By Toby Welch '73
I usually arrive in the classroom around 7:00 a.m., about an hour before my students. I fine tune plans for the day, make a list of students to check in with, email a couple of parents, and consider how students responded to yesterday’s lesson summarization for their biography project and what I can do to further develop that skill. More than anything, that hour lets me clear the decks so I am 100 percent present for students when they arrive.
Teaching is a humanistic endeavor. I believe that all people want to be known, cared for and valued for who they are. As students enter each morning, I ask about last night’s homework, I inquire about a sibling’s birthday celebration, I wonder with them about what will happen next in the class read-aloud book. Before we can build our knowledge of essay writing or long division, we must set a firm foundation of trust. A sense of trust is central to a student’s willingness to take risks, to see failure as a growth opportunity and to persevere.
Early in the school year, I make it a point to let the students know that I am a poor speeler, spelller…speller. I believe that it is important to model the kind of learner that I am encouraging students to become. Learning is not about achieving perfection, but rather about recognizing your own strengths and weaknesses and developing strategies to become a stronger student. I think it is important to have students name the challenges they face and to then devise tactics together to support growth in that area.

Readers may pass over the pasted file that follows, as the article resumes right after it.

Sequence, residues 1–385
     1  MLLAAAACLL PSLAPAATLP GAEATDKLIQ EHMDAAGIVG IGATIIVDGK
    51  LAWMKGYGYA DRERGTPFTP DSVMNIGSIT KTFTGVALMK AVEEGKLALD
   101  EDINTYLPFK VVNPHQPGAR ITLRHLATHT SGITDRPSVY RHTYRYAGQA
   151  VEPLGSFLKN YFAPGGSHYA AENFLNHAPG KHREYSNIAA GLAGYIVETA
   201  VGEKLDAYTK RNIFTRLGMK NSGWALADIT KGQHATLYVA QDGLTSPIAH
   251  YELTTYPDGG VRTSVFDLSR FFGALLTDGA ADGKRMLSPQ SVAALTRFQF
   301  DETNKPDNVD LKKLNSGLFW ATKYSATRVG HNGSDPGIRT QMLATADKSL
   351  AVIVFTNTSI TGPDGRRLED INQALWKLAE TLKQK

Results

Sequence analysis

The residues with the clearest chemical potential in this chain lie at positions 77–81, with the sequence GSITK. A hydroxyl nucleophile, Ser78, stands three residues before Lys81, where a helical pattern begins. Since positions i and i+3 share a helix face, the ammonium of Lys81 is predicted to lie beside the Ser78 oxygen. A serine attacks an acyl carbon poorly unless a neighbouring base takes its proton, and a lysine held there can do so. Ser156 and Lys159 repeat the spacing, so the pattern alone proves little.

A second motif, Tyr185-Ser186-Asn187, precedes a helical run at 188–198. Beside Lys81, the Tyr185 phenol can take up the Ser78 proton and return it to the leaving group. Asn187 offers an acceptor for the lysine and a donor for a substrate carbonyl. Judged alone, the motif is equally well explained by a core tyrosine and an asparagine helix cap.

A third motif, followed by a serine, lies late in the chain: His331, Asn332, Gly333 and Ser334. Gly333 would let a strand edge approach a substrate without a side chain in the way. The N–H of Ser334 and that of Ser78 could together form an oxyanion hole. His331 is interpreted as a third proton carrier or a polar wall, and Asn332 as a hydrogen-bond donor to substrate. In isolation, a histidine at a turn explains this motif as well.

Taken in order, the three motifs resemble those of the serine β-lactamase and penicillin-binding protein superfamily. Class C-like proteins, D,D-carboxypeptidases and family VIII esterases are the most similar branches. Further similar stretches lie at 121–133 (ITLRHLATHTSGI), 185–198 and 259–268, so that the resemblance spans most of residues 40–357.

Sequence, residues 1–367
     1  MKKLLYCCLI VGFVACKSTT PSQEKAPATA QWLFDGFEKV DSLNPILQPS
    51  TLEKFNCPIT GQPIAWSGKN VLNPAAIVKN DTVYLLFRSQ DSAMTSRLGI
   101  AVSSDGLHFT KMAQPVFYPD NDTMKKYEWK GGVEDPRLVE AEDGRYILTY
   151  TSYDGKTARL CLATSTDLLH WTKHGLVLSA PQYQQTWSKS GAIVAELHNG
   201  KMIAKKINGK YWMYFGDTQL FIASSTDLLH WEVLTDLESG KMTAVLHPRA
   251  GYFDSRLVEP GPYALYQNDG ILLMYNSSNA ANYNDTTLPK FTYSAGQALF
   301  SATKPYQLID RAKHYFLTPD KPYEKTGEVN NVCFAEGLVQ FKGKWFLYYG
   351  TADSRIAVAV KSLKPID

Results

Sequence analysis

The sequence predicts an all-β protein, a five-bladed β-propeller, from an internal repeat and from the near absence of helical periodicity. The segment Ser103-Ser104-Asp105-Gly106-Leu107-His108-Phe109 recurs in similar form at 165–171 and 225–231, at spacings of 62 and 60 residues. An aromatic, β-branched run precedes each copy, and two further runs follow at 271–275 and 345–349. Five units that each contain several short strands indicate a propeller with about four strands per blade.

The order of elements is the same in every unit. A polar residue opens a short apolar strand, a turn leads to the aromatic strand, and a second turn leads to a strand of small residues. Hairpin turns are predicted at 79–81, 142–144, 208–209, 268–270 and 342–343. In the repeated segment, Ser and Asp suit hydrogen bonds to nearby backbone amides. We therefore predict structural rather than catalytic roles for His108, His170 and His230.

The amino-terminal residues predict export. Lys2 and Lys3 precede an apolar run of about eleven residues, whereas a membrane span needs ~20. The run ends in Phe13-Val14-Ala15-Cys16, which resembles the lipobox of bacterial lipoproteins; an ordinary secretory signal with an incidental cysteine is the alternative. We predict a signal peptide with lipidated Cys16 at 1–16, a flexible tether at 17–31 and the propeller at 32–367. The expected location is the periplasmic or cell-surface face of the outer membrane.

I first discovered that I loved working with children during three blissful summers as a camp counselor. That experience propelled me into a 38-year career in education. I started at Foote as a Mixed Age Group assistant and then a Grade 4 teacher thanks to then-Head of School Frank Perrine taking a chance on me. After two years on Loomis Place—having benefited from the mentorship of Laura Altshul and Saylor Heidmann—I headed west to Vashon Island in Washington state, where I taught in independent schools and, in 1995, founded Harbor School, where I served as head for 13 years.
It is important to me to be in a school where innovation and creativity are encouraged, celebrated and shared. Over the past six years, my colleagues and I have implemented a variety of initiatives: parent-teacher conferences that include students, and indeed are led by students; a 1-to-1 laptop program; a buddy program with elderly residents of Whitney Center in Hamden; and new collaborations with New Haven-area nonprofits. We have made significant changes to the Social Studies curriculum that have challenged me as an educator to take the complex topics of immigration and slavery and make them accessible to 9- and 10-year-olds. Several years ago, I worked with a colleague to bring a weekly mindfulness practice into the classroom. I very much appreciate the opportunity we have as teachers to take an idea, shape it to fit the needs of our students and implement it.
All of this makes for a full day. On my walk home, I often find myself reflecting on the day. What keeps me coming back to the classroom is the students—the root of all my work. Just recently, one of my students took it upon himself to put together a “box of encouragement” containing notes of support for his peers. Teaching fourth grade doesn’t get much better than that! I teach because I believe that I can have an influence on the kind of person each of my students is to become and because it’s among the most important ways I can positively impact the world.
Toby Welch ’73 is a Grade 4 teacher at Foote. He served as a Grade 4 assistant teacher from 1981 to 1983 and returned as a head teacher in 2014. Previously, Toby founded and was the head of Harbor School, an independent K–8 school on Vashon Island, Washington state.
This article originally appeared in the spring 2020 issue of Foote Prints magazine.